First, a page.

This discussion involving representatives from the World Bank, UNHCR, and Kenya’s Refugee Affairs Secretariat explores three main questions: How can development and humanitarian actors engage with local institutions to promote refugee inclusion? How has the involvement of refugees in local institutions materialized and what are the ways to ensure this participation leads to tangible changes? Finally, in fragile environments, how can discussions on refugee inclusion enhance the engagement of other groups that have traditionally been marginalized in refugee-hosting regions (e.g., internally displaced persons, ethnic minorities, or returnees)?

Migrants in Africa & COVID-19: From Emergency Measures to Inclusive Social Protection Systems

Most African states closed their borders in attempt to contain COVID-19, resulting in a loss of livelihood that has been devastating for many, including migrants, in the absence of a community-based safety net. The International Organization for Migration (IOM) reports migration flows in West and Central Africa were nearly halved between January and April 2020, leaving tens of thousands of people stranded and requiring assistance with shelter, health care, and food. Already under pressure to deliver health services and emergency safety nets for their citizens, host countries often lack the capacity and the resources to support migrants, especially the ones who are in transit or informal workers without legal status. As a result, assistance for migrants during this public-health crisis has often come from international organizations such as IOM, civil-society actors, or diasporas.

The coronavirus crisis has also raised longer-term questions about social protection systems in Africa and which dimensions should be set up and prioritized for funding. In many ways, the pandemic has confirmed the pressing need for social protection for everyone, particularly in terms of health care, as vulnerabilities in one group can affect overall community wellbeing. But the looming economic crisis also risks limiting the appetite of host governments and development aid donors for more ambitious protection systems for non-nationals, which may ultimately reduce the benefits of regional and continental free movement regimes that African countries have been working towards for a decade.

This MPI Europe discussion with the Acting Regional Director for West and Central Africa for the International Organization for Migration, along with representatives from the African Union and International Labor Organization explores what emergency measures have been deployed by African governments and aid actors in response to COVID-19 to assist migrants in need. The panelists also examine what the health crisis says about social protection systems, the incentives for inclusionary systems for all, who should support these mechanisms in times of crisis, and how to make (at least some of) these measures sustainable.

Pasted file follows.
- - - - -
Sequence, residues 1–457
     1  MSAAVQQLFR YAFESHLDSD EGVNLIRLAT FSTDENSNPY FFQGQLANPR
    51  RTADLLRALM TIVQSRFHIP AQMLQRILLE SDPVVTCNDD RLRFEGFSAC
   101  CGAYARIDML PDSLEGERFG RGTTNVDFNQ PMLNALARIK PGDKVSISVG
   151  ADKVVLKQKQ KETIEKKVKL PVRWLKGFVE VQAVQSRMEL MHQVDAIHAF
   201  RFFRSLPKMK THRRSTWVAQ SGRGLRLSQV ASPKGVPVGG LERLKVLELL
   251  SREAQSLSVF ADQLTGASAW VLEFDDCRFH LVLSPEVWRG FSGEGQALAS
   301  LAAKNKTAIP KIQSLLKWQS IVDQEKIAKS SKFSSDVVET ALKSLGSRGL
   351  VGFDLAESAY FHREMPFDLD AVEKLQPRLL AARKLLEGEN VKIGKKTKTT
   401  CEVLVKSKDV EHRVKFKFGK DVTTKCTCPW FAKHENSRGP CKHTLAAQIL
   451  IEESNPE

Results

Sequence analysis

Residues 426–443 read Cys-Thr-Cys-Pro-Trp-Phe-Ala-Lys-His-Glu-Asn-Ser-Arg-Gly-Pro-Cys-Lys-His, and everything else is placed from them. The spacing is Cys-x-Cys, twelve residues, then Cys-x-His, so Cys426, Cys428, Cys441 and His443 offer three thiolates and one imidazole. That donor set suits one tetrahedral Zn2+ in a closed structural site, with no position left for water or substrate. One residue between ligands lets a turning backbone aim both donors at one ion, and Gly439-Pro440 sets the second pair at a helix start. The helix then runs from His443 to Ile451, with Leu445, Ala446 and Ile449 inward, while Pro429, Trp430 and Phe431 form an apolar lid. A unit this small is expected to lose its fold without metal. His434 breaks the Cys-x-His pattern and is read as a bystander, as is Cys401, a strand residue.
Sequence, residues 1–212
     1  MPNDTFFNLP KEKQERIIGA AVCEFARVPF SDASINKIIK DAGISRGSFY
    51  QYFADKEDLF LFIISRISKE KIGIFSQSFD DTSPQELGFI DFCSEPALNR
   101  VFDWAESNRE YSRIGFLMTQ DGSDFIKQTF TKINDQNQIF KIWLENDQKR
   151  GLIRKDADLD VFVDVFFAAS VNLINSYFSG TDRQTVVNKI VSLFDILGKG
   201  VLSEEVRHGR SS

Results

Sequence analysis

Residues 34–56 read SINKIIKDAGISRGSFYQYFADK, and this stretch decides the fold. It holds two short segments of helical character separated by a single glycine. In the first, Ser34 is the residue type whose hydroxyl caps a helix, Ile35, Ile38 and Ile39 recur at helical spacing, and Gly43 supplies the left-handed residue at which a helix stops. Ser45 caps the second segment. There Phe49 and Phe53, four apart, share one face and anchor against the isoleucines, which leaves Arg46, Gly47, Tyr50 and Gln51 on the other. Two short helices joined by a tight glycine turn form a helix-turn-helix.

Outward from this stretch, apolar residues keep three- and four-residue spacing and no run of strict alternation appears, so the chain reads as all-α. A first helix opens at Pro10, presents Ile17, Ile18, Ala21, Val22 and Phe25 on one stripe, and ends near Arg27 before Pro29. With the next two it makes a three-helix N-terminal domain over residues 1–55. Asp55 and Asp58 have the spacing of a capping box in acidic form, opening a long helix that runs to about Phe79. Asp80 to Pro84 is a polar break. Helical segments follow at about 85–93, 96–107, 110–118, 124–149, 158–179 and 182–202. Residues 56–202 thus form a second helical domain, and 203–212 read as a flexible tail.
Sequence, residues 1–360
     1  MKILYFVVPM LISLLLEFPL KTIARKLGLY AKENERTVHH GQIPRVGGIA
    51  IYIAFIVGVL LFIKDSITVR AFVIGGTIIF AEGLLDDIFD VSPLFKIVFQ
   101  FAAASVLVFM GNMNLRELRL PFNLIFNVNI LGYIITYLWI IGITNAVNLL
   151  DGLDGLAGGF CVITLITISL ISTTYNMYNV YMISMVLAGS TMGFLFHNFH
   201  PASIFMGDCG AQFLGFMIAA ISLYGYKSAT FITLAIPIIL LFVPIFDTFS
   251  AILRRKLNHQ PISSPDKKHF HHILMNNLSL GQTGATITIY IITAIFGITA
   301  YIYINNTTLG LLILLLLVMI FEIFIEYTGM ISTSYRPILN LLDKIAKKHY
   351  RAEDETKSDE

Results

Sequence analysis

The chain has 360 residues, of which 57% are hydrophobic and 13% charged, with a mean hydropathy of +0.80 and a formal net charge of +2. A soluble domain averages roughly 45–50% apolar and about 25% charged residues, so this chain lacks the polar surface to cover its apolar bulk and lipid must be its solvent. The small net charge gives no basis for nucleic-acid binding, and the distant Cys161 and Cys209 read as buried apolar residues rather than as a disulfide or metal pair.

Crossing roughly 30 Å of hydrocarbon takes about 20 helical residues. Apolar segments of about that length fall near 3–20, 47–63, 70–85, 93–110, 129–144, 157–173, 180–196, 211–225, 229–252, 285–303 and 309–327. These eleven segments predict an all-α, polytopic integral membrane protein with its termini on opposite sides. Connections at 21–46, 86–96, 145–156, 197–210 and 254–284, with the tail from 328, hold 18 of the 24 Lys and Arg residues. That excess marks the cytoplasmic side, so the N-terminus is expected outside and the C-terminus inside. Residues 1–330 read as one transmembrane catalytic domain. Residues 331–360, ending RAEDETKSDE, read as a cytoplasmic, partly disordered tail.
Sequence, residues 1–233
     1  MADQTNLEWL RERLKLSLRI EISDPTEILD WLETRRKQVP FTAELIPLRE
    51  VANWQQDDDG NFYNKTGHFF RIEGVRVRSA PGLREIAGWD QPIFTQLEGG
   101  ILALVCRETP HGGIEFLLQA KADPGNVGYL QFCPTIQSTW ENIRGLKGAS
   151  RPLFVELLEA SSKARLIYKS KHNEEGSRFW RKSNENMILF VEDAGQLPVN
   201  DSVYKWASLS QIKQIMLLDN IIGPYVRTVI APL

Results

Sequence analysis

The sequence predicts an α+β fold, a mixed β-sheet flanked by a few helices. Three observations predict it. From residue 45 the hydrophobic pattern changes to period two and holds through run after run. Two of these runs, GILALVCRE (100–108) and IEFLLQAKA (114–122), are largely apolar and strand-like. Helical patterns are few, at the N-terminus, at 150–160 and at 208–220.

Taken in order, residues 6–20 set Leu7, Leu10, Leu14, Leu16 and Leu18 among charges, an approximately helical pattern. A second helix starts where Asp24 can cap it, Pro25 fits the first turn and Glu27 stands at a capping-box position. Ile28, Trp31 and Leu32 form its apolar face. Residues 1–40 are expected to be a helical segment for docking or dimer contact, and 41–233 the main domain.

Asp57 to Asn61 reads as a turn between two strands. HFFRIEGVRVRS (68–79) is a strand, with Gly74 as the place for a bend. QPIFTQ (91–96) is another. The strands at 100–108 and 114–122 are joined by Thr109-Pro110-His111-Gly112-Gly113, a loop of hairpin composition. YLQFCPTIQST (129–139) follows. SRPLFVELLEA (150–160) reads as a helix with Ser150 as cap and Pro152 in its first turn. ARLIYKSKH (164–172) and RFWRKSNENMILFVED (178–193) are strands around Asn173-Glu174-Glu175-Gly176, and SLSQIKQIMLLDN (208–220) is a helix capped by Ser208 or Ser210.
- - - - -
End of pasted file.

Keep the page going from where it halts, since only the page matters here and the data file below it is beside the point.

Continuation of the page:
Migration & Coronavirus: A Complicated Nexus Between Migration Management and Public Health

Governments around the world have adopted significant migration management measures to try to contain and halt the spread of COVID-19. Border closures, travel restrictions, prohibitions on arrivals from certain areas, and heightened screening have been among the leading policy responses, initially to try to block COVID-19 from crossing borders and later, as the pandemic became a global one, as part of a raft of mobility restrictions seeking to mitigate further spread. The success of these restrictions in stemming the initial breakout of public health threats across international borders as well as their role in mitigating "community spread" within affected states is a matter of dispute. More clear, however, is that internal measures—such as business closures and "lockdown" orders—are likely to be borne disproportionately by the most vulnerable, including refugees, unauthorized populations, and other immigrants.
 
This webinar, organized by the Migration Policy Institute and the Zolberg Institute on Migration and Mobility at The New School, discussed the state of play around the globe and examined where migration management and enforcement tools may be useful and where they may be ill-suited to advancing public health goals. Experts compared the current response (and rhetoric) to what has been seen during prior major public health crises in the United States and internationally, and discussed how this is likely to affect future mobility and international cooperation on issues such as humanitarian protection.

Speakers included:

Doris Meissner, Senior Fellow, MPI, and former Commissioner, U.S. Immigration and Naturalization Service

Natalia Banulescu-Bogdan, Associate Director, International Program, Migration Policy Institute (MPI)

T. Alexander Aleinikoff, University Professor and Director, Zolberg Institute on Migration and Mobility, and former Deputy UN High Commissioner for Refugees

Alan Kraut, Distinguished University Professor of History, American University, and MPI Nonresident Fellow

View all MPI resources related to COVID-19.

Chronicling Migration in the 21st Century Through One Family’s Journey